The President of Uzbekistan visits Brussels
During Uzbek President Islam Karimov’s visit to Brussels on 24 January, he met the highest representatives of the EU and NATO. This was the first visit by the Uzbek leader to EU and NATO headquarters since the massacre in Andijan in 2005, which seriously damaged Tashkent’s relations with the West. Karimov’s invitation to Brussels was awkward for both organisations, due to serious accusations of human rights violations hanging over the authorities in Tashkent, and loud protests by NGOs. At the same time it reveals the importance of Uzbekistan to the West, primarily with regard to the US/NATO-led mission in Afghanistan.
The President of Uzbekistan met the head of the European Commission, José Manuel Barroso, the Energy Commissioner Günther Oettinger, and the NATO Secretary General Anders Fogh Rasmussen.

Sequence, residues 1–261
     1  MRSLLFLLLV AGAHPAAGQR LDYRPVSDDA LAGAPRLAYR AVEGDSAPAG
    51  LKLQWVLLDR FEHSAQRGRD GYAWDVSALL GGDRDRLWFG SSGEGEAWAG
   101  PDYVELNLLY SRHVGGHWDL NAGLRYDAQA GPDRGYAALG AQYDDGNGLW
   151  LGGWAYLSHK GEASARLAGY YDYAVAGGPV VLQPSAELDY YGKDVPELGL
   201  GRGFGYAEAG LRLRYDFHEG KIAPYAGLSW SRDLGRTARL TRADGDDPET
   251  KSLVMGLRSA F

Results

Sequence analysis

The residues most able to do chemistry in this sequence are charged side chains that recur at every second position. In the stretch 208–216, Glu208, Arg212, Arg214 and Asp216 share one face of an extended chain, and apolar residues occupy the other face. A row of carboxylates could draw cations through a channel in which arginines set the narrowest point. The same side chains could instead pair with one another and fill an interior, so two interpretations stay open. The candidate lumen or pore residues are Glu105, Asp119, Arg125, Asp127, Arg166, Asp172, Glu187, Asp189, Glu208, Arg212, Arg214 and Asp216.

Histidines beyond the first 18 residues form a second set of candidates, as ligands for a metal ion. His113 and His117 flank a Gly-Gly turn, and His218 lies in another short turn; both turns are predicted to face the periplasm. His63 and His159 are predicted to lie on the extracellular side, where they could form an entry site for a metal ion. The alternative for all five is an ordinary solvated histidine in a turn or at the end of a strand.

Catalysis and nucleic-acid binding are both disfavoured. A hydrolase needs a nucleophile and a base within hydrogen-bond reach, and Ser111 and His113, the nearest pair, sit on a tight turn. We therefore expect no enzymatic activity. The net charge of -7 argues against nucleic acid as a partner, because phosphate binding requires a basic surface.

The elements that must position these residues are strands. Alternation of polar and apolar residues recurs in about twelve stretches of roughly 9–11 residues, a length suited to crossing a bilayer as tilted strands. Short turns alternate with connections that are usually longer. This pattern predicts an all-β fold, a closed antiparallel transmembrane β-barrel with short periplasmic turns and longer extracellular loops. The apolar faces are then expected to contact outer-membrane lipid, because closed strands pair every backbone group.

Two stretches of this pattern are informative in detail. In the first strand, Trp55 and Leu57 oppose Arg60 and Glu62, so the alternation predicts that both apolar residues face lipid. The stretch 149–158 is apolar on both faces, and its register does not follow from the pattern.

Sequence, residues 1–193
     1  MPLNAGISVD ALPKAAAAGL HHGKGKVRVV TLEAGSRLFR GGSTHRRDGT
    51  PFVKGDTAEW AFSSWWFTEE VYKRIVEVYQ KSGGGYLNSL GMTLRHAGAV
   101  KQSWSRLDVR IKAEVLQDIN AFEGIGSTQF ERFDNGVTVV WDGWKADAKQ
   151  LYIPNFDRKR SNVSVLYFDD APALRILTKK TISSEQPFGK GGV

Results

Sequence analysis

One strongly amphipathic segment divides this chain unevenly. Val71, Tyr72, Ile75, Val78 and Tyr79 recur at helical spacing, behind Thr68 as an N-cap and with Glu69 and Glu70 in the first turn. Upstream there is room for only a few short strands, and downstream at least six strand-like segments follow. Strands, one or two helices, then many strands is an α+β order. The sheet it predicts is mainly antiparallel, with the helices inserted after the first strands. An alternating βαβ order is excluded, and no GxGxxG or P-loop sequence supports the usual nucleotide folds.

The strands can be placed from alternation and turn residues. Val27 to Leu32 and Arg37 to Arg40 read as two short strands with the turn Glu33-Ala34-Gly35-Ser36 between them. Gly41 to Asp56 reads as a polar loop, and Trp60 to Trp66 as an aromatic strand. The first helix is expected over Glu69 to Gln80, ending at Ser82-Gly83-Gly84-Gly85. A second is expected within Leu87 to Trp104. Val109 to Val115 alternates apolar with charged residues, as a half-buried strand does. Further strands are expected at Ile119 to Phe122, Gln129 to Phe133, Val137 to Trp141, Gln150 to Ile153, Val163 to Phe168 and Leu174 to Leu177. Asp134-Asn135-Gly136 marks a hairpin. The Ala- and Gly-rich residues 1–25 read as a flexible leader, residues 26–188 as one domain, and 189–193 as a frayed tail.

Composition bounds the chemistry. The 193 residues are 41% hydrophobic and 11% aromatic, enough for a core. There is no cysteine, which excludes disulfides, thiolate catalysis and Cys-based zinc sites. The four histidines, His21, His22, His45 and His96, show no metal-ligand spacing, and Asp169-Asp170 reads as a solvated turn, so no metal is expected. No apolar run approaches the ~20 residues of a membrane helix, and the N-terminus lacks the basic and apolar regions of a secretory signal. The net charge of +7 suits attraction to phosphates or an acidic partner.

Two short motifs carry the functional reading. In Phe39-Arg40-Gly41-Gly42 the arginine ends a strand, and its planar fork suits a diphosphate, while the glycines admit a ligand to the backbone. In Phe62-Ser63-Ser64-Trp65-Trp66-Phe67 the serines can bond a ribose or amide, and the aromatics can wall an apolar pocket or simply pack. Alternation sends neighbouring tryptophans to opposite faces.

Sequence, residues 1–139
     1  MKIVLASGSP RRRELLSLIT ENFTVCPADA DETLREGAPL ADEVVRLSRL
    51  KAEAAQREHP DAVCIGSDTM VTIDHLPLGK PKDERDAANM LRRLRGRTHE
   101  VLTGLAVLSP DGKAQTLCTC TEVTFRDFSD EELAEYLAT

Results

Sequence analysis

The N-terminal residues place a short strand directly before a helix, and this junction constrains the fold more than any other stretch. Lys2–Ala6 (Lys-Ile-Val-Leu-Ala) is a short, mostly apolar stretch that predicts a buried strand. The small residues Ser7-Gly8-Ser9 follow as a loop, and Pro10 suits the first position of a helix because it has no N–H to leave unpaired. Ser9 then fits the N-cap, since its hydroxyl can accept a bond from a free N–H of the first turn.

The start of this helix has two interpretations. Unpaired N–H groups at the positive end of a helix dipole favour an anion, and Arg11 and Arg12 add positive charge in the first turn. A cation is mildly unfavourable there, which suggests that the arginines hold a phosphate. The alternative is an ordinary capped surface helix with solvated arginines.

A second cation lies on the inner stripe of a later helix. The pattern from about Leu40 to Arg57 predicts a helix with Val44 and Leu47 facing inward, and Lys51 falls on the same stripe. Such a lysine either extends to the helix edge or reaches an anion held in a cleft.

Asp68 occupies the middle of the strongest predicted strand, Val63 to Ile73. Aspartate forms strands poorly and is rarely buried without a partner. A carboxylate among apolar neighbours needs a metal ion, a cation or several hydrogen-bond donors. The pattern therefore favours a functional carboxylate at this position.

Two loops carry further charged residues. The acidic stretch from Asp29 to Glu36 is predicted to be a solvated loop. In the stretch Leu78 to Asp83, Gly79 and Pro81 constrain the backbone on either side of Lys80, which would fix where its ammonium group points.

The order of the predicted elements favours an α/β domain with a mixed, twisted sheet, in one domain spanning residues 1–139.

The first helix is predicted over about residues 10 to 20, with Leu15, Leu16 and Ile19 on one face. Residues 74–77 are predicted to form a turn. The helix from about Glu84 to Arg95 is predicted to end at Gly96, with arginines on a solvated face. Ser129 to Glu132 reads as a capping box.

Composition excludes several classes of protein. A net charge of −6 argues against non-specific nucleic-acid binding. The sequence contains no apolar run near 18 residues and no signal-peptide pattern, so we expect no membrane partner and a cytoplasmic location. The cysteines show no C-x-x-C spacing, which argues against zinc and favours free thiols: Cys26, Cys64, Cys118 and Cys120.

The EU and NATO’s decision to receive Karimov in Brussels (both organisations denied sending him an invitation) is another gesture by the West towards Tashkent, after the abolition of the EU’s embargo on arms exports (October 2009), which symbolically ends a period of tension in their relations since the events in Andijan (where government forces opened fire on protesters, killing several hundred people). For NATO, Tashkent is and will remain a partner of great importance for the success of ISAF. Uzbekistan is a key element of the Northern Transport Corridor (whose main route is Latvia–Russia–Kazakhstan–Uzbekistan–Afghanistan), which delivers around 30% of supplies to the troops operating as part of the OEF and ISAF operations in Afghanistan. In addition, from the perspective of the West, Tashkent may play an important role in stabilising Afghanistan after the mission is completed (Kabul is currently powered by electricity from Uzbekistan). The EU also considers Uzbekistan a potential source of gas for Europe, although this seems unlikely because of the limited potential for natural gas extraction in that country to be increased. <mmat>